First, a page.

REFLECTION FOR TODAY
March 9, 2021
By Fr. Andrew Ibegbulem, OSA
Peter approached Jesus and asked him, “Lord, if my brother sins against me, how often must I forgive him? As many as seven times?” Jesus answered, “I say to you, not seven times but seventy-seven times. Matthew 18:21–22
We all probably have at least one relationship in which the memory of unforgiven hurt continues to linger and prevents us from fully loving some person. Forgiveness of another could be difficult. It may even be much easier to remain angry. Lent is a journey of shared forgiveness between us and God and others.
Our gospel reference today is the introduction to the Parable of the Unforgiving Servant. In this parable, Jesus makes it clear that if we want to receive forgiveness from God, then we must forgive others. If we withhold forgiveness, we can be certain that God will withhold it from us.
In this parable. Peter may have thought that he was being quite generous in his question to Jesus. Clearly Peter had been considering Jesus’ teachings about forgiveness and was ready to take the next step of offering that forgiveness freely. But Jesus’ answer to Peter makes it clear that Peter’s concept of forgiveness greatly paled in comparison to the forgiveness demanded by our Lord.
The parable tells us of a man who failed to offer same forgiveness to a small debt after he was forgiven of his huge debt. As a result, his master in anger his master handed him over to the torturers until he should pay back the whole debt. So will my heavenly Father do to you, unless each of you forgives your brother from your heart.”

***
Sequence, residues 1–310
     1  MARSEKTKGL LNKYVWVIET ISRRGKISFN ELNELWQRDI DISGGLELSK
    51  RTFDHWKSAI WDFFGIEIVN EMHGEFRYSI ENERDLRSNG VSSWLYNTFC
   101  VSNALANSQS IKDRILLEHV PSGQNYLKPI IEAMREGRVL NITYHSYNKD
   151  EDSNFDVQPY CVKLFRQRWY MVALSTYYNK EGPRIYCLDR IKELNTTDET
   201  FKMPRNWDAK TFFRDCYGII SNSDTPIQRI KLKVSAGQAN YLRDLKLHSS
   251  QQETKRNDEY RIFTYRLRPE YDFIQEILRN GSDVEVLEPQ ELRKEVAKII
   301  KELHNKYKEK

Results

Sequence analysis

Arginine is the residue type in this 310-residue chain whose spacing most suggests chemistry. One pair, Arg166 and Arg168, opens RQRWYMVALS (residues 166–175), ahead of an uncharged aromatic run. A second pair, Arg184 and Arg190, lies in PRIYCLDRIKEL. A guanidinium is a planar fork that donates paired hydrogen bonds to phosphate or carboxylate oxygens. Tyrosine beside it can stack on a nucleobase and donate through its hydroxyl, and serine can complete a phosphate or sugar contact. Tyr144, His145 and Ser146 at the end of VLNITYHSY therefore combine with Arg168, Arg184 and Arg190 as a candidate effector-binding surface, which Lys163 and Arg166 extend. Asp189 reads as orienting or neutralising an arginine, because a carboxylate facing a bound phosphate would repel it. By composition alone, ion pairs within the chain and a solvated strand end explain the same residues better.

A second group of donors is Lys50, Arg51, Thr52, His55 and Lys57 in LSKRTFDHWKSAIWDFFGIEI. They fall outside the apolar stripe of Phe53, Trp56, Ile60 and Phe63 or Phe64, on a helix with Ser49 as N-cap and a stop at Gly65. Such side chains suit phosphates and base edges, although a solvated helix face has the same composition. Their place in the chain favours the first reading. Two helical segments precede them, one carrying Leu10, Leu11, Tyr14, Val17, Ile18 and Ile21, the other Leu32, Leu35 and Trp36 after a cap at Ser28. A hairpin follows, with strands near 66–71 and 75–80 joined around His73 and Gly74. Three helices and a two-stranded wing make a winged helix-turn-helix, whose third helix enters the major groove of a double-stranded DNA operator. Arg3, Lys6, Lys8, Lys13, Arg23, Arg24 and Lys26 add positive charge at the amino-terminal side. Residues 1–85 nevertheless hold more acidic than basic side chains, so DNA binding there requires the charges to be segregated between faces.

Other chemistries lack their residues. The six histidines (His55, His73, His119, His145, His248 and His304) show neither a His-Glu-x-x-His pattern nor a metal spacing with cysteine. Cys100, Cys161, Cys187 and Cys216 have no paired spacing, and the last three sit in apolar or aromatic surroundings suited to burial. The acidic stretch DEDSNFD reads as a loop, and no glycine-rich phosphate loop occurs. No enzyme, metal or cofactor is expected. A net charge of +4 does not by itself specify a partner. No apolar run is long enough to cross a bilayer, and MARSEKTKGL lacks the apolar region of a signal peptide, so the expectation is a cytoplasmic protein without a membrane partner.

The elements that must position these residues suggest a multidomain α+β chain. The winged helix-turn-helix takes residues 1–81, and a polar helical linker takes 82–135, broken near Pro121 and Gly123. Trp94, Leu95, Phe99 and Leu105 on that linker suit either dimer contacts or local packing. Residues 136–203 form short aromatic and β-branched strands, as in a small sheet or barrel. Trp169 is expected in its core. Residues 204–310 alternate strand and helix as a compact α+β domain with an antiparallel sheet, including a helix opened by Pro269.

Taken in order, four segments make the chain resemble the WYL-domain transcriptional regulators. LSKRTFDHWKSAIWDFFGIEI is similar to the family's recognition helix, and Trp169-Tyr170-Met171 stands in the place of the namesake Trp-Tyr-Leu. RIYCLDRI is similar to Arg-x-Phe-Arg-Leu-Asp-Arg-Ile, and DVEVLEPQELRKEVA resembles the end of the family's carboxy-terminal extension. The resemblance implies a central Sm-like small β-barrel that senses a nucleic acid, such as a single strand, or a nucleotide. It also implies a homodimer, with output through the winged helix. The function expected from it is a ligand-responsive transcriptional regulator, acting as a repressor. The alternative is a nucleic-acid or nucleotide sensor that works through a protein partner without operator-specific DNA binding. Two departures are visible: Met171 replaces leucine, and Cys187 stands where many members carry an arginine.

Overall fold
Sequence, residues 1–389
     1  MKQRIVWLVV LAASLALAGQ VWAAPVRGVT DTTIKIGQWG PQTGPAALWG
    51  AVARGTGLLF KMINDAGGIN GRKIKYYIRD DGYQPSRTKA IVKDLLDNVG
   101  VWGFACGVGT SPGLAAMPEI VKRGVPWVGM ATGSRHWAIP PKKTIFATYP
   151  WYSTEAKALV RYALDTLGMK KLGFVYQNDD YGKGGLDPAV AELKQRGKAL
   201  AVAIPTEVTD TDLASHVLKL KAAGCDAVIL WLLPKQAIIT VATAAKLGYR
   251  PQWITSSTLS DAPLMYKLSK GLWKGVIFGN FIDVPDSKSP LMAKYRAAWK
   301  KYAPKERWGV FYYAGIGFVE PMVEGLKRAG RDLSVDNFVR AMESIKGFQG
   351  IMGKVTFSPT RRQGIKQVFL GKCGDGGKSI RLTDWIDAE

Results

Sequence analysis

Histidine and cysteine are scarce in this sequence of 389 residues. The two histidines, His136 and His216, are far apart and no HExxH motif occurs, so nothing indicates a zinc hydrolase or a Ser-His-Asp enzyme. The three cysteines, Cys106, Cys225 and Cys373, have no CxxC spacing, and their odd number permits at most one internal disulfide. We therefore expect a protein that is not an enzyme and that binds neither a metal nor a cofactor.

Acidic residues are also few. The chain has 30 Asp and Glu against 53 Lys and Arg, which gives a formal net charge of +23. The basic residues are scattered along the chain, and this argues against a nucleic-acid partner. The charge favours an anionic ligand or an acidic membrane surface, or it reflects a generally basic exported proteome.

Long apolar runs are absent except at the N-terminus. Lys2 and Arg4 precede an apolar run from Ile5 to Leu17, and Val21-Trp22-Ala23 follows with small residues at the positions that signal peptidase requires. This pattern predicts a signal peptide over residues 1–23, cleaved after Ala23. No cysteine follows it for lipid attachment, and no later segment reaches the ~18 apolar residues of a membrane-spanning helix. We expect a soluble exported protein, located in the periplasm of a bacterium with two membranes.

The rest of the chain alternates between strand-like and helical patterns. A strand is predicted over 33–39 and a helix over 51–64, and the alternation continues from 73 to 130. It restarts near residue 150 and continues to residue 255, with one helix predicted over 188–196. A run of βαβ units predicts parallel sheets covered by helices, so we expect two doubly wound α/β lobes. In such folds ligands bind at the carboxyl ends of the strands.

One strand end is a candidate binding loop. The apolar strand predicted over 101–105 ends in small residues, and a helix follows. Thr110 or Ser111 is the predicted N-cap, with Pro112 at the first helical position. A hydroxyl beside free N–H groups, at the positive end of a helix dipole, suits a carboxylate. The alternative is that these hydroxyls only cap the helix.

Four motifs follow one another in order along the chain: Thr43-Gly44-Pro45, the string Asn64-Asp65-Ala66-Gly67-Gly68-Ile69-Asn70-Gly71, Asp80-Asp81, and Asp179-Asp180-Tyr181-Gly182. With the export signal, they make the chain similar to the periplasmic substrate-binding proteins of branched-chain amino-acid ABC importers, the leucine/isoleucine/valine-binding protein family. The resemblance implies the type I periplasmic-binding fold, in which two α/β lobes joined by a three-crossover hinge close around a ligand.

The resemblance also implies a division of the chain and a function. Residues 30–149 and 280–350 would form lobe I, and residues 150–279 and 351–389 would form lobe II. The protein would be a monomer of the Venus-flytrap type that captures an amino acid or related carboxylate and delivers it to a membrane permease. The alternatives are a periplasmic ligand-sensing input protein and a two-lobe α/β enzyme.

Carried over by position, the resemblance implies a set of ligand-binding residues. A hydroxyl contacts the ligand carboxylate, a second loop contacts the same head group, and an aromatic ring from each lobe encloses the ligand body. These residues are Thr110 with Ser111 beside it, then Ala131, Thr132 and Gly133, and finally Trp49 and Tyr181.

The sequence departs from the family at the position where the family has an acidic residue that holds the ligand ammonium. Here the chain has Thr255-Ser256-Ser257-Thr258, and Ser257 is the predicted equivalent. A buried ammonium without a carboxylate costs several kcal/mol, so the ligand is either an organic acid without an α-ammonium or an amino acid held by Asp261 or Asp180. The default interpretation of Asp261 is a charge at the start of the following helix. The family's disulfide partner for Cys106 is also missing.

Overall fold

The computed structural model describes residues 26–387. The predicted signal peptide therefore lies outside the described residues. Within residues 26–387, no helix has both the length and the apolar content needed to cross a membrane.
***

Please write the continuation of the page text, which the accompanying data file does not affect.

The forgiveness God expects us to offer others is one that comes from the heart. The lack of forgiveness on our part will result in us being handed “over to the torturers.” These are serious words. By “torturers,” we should understand that the sin of not forgiving another brings with it much interior pain. When we hold on to anger, this act “tortures” us in a certain way.
Sin always has this effect upon us, and it is for our good. It’s a way in which God constantly challenges us to change. Thus, the only way to freedom from this interior form of torture by our sin is to overcome that sin, and in this case, to overcome the sin of withholding forgiveness.
Many Christians harbor resentment and anger from past experience and encounter. Unforgiveness can hinder God’s grace and work in our lives today. It can deny us of the peace, joy and love of God. What is that obstacle that hinders us from forgiving the way Jesus want us?
Reflect, today, upon the calling God has given to you to forgive to the fullest extent. If you still sense anger in your heart toward another, keep working at it. Forgive over and over. Pray for that person. Refrain from judging them or condemning them. Forgive, forgive, forgive, and God’s abundant mercy will also be given to you.
My forgiving Lord, I thank You for the unfathomable depths of Your mercy. I thank You for Your willingness to forgive me over and over again. Please give me a heart worthy of that forgiveness by helping me to forgive all people to the same extent that You have forgiven me. I forgive all who have sinned against me, dear Lord. Help me to continue to do so from the depths of my heart. Jesus, I trust in You.